Addressing Climate Change without Legislation

Addressing Climate Change Without Legislation

How the department of the interior can use its existing legal authority to reduce greenhouse gas emissions and increase clean energy use

By Romany Webb and Steven Weissman
University of California, Berkeley
School of Law
June 2014

  • Click here for the report (PDF file)



New Report: Interior Department Can Act on Existing Law to Reduce Carbon Emissions

Contact:  Susan Gluss, 510-642-6936


Berkeley, CA - June 3, 2014 - A new report released today calls on the U.S. Department of the Interior to mitigate the impact of climate change by enacting laws already on the books. The report, Addressing Climate Change Without Legislation, details steps the agency can take under existing law to reduce greenhouse gas emissions and increase clean energy use.

The report is a joint project of the University of California, Berkeley, School of Law and the Berkeley Energy & Climate Institute.

"Existing laws offer the Interior Department a chance to reduce emissions that cause climate change and protect the environment," said Steven Weissman, report co-author and director of the law school's energy program. "The agency can do more to implement those laws above and beyond its current climate change strategy. Policy makers are bound by their own imaginations more than by statutory limits."

Weissman, a lecturer affiliated with the law school’s Center for Law, Energy & the Environment, stressed the need for action now. In the report, he and co-author Romany Webb ’13 cite numerous studies linking greenhouse gas emissions to extreme weather patterns, melting glaciers, and sea level rise. The resulting floods, tornados, and prolonged droughts have already caused severe environmental and economic damage.

Congressman Henry Waxman (D-Calif) agreed that regulators needed to address the void left by Congress.

"If Congress will not act to address climate change, President Obama must use existing legal authorities to do so.  Understanding the scope of executive authorities is an important project, and Berkeley Law’s Center for Law, Energy & the Environment is a leader in this effort."

The report cites numerous laws that empower the agency, including the Mineral Leasing Act, Endangered Species Act, Federal Land Policy and Management Act, and the National Environmental Policy Act.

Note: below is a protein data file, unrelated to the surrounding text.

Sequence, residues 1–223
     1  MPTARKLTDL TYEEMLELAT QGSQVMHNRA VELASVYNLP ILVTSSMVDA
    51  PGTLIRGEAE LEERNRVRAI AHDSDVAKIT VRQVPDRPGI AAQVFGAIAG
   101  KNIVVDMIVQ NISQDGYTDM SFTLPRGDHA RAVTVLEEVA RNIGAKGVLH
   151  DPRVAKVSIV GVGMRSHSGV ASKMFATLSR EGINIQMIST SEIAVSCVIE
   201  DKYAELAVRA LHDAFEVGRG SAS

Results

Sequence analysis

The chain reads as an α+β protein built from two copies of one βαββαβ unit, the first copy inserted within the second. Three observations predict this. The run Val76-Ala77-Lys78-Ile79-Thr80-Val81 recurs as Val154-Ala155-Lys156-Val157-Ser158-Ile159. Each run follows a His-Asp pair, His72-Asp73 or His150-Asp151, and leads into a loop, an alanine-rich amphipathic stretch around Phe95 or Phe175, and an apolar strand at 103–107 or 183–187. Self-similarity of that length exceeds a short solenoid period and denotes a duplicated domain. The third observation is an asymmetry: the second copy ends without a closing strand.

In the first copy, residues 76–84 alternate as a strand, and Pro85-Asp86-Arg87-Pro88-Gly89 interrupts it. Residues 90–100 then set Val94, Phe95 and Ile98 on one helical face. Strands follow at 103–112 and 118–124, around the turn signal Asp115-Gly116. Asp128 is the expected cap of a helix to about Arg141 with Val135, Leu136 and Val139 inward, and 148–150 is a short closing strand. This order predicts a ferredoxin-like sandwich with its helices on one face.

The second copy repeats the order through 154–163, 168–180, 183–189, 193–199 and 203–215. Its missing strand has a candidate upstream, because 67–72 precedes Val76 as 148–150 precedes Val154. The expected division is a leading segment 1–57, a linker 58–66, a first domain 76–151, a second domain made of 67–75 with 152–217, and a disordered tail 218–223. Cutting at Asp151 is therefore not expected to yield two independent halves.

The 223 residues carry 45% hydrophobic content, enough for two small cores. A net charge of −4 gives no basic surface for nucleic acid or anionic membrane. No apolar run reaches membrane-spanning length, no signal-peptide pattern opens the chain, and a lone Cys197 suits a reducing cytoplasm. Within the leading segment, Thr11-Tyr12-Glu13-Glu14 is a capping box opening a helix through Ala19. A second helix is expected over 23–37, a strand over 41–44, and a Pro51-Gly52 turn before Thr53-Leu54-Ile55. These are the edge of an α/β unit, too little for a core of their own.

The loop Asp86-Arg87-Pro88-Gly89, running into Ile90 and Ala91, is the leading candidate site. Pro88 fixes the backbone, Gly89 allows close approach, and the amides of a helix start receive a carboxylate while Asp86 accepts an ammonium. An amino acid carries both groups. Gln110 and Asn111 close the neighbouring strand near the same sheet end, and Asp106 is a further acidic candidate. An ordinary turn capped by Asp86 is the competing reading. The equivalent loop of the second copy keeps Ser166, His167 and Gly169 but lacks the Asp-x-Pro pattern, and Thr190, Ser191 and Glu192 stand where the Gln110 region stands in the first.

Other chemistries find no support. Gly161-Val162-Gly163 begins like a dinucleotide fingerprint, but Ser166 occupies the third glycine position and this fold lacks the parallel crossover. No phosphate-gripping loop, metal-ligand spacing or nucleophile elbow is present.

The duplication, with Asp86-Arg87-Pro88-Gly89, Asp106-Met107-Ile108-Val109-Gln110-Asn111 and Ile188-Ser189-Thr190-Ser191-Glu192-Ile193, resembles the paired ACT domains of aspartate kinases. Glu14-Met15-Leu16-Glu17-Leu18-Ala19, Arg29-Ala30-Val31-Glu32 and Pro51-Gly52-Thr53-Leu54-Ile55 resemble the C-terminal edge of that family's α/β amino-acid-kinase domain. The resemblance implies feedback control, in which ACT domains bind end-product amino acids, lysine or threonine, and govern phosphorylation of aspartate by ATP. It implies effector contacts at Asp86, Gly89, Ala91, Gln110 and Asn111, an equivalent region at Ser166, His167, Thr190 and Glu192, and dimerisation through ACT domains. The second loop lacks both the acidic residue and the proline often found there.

"The Interior Department has the tools it needs, but it can get stuck," Webb said. “In 2009, the agency announced plans to limit methane gas releases from oil and gas wells on federal lands. Yet draft rules still haven’t been circulated, despite agency support of the project. These sorts of programs need to be accelerated."

The report comes just as President Obama has released draft rules to cut carbon emissions from coal-fired power plants by 30 percent. The regulation bolsters the president’s Climate Action Plan, released one year ago, which directs federal agencies to adopt various mitigation strategies.

Weissman said the Interior Department could broaden its efforts to mitigate the impact of climate change—using the report as a guide.

"It’s like Dorothy in the Wizard of Oz, “ he said, ‘You’ve had the power all along. Just click your heels."

The study recommends two dozen steps the agency could take to reduce greenhouse gas emissions, develop renewable sources of energy, and increase carbon sequestration. The suggestions range from expanding hydroelectric generation at existing dams, to using plants and soil to absorb and store atmospheric carbon.

The report's recommendations apply to the Interior Department's nine bureaus—including the National Park Service, the Bureau of Land Management, the Bureau of Ocean Energy Management, and the Fish and Wildlife Service.

The recommendations include:

  • limiting greenhouse gas emissions from oil and gas wells, pipelines, and other facilities;
  • enhancing carbon storage by improving the agency’s land management and allowing private parties to undertake sequestration on federal lands;
  • supporting additional renewable power production by reducing the rents and other fees producers must pay to use public lands;
  • working with other federal agencies to streamline the permitting process for transmission projects;
  • allowing private or public construction of new hydroelectric power plants on existing federal dams and other waterway structures; and
  • restricting activities that emit greenhouse gases to avoid adverse impacts on threatened and endangered species.

The UC Berkeley study is the first in a series of reports designed to analyze steps federal agencies can take to mitigate climate change under existing laws. Subsequent reports will focus on the Department of Agriculture and the Federal Energy Regulatory Commission.

For more info about Addressing Climate Change Without Legislation, contact Steven Weissman, 510-642-0508; or Romany Webb